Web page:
Reporting Shannon Carlin
When Tegan and Sara released their first album, Under Feet Like Ours, in 1999, pop was Christina Aguilera and Britney Spears. Fourteen years later and the twins Quin have broadened their sound, so much so that their seventh album Heartthrob meets 21st century pop at its frontier. But Tegan and Sara is a different, some would say smarter, kind of pop music.
“I feel like now you can be pop and you can be real and good,” Tegan recently told Radio.com.
The change in tides became clear when the duo released Heartthrob back in February, which debuted at No. 3 selling 49,000 copies in its opening week, according to Billboard. It sold almost two times more than their previous album, 2009′s Sainthood, which debuted all the way at No. 21.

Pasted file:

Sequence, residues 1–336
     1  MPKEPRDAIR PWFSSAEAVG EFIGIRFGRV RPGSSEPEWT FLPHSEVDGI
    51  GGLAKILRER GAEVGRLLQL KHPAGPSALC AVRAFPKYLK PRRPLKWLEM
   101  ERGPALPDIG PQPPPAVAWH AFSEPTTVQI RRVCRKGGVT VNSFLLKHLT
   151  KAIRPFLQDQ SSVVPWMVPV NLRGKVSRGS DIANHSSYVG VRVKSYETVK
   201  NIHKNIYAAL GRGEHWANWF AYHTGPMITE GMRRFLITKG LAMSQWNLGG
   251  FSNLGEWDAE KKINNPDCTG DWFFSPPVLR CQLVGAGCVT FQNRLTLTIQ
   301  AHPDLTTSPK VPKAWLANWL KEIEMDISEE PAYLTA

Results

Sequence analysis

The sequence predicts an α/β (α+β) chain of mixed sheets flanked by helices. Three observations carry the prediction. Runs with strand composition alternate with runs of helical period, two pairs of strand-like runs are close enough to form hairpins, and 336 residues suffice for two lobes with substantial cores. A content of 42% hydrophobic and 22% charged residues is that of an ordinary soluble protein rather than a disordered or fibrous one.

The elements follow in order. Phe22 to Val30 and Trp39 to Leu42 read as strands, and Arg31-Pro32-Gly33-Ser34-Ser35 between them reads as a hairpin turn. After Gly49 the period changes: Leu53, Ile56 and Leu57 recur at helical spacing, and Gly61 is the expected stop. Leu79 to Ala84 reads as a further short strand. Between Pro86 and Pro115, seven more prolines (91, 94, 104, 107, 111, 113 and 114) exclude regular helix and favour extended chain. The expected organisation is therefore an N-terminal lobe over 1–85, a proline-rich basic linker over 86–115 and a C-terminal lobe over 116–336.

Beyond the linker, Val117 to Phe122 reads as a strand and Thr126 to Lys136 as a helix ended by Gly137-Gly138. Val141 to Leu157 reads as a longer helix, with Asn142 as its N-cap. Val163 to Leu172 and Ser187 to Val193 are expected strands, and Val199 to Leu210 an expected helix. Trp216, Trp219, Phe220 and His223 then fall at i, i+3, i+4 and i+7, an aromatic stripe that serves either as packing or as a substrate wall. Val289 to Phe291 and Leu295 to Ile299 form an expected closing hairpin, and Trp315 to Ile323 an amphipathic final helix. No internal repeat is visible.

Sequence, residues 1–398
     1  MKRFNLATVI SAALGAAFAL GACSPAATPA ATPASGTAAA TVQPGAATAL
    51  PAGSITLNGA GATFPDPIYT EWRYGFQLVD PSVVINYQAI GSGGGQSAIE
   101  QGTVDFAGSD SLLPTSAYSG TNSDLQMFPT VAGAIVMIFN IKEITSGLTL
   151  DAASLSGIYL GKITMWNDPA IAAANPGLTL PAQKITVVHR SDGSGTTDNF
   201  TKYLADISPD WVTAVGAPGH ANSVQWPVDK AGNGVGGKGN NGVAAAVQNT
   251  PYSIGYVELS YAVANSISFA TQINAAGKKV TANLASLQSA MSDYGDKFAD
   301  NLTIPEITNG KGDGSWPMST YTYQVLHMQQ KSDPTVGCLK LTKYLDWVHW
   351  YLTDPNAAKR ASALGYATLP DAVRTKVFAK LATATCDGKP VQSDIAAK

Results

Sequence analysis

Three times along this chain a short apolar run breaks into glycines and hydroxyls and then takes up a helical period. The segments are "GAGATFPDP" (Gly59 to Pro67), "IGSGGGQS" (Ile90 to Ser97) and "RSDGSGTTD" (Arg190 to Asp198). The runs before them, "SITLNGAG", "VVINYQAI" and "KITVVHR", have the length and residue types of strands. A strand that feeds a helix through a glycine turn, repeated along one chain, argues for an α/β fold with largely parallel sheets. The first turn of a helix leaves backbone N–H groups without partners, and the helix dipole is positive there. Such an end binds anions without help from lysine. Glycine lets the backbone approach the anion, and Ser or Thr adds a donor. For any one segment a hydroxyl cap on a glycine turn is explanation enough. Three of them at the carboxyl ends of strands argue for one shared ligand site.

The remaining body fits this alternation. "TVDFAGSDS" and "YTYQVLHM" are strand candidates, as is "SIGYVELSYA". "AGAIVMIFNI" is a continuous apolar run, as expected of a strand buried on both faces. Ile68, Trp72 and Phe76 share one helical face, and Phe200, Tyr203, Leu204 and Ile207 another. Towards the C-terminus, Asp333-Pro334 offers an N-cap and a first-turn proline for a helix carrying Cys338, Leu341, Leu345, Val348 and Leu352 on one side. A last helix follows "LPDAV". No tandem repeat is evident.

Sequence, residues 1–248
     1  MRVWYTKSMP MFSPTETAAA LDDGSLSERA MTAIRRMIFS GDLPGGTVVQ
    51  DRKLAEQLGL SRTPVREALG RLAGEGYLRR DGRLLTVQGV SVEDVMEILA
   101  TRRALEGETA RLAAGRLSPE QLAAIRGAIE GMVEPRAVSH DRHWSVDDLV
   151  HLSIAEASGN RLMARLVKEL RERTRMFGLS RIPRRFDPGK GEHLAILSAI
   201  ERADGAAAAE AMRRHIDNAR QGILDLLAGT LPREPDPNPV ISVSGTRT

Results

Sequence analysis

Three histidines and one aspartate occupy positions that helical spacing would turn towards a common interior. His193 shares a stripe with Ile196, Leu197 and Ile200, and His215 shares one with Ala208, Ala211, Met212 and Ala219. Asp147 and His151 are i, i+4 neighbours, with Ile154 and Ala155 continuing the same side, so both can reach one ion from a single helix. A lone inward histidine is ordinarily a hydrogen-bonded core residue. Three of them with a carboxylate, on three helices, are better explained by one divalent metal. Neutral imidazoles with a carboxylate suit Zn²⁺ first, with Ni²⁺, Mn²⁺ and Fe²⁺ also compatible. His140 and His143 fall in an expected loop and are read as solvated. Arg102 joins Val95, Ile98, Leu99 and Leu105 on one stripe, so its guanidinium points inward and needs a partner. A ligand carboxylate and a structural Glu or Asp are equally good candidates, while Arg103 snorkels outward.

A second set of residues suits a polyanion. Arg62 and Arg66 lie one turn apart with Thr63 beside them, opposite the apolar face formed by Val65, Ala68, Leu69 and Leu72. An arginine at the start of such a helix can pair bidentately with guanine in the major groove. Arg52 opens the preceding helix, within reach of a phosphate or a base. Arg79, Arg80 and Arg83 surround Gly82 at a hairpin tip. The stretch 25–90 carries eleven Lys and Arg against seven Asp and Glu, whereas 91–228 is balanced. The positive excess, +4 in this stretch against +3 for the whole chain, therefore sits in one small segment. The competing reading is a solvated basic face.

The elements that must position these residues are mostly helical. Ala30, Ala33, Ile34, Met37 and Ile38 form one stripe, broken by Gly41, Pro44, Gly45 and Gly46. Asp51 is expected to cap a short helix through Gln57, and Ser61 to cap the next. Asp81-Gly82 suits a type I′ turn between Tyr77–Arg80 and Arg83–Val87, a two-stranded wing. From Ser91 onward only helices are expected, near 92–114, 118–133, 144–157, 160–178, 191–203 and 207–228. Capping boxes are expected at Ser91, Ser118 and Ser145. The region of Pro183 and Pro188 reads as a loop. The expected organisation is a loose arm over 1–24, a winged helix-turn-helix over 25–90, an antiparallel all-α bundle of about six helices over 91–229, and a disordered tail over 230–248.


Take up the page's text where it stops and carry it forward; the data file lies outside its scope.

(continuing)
Of course, the chart success is nice, but it hasn’t fazed the duo too much. It hasn’t even convinced them that pop is what they want to be doing for the rest of their career.
“Who knows what will be happening in two years,” Tegan said. “If we’ll still be on this course or doing something weird and avant-garde again.”
Radio.com: You’re currently on tour with fun. What’s it like touring with them?
Tegan: They’re horrible. It’s a terrible mistake for us. [Laughs]
Sara: We love fun., they’re the nicest guys. It does help that we’re friends. If you don’t know each other or you’ve never spent time with each other, there’s that kind of awkward getting to know each other sort of like summer camp kind of nervousness or something and I didn’t go into this tour feeling that way at all. That’s really nice. They have a wonderful energy around their band. The audience is really open. We’re really enjoying our sets every night supporting them and we feel like both musically and politically that there’s a really good parallel between our bands.
You have referred to both your music and fun.’s as “intelligent pop.” How would you define this new genre?